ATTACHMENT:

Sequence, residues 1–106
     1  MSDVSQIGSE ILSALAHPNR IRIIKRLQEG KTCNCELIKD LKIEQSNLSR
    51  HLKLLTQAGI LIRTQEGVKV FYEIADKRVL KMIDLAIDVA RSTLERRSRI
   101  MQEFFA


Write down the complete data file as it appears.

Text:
Sequence, residues 1–106
     1  MSDVSQIGSE ILSALAHPNR IRIIKRLQEG KTCNCELIKD LKIEQSNLSR
    51  HLKLLTQAGI LIRTQEGVKV FYEIADKRVL KMIDLAIDVA RSTLERRSRI
   101  MQEFFA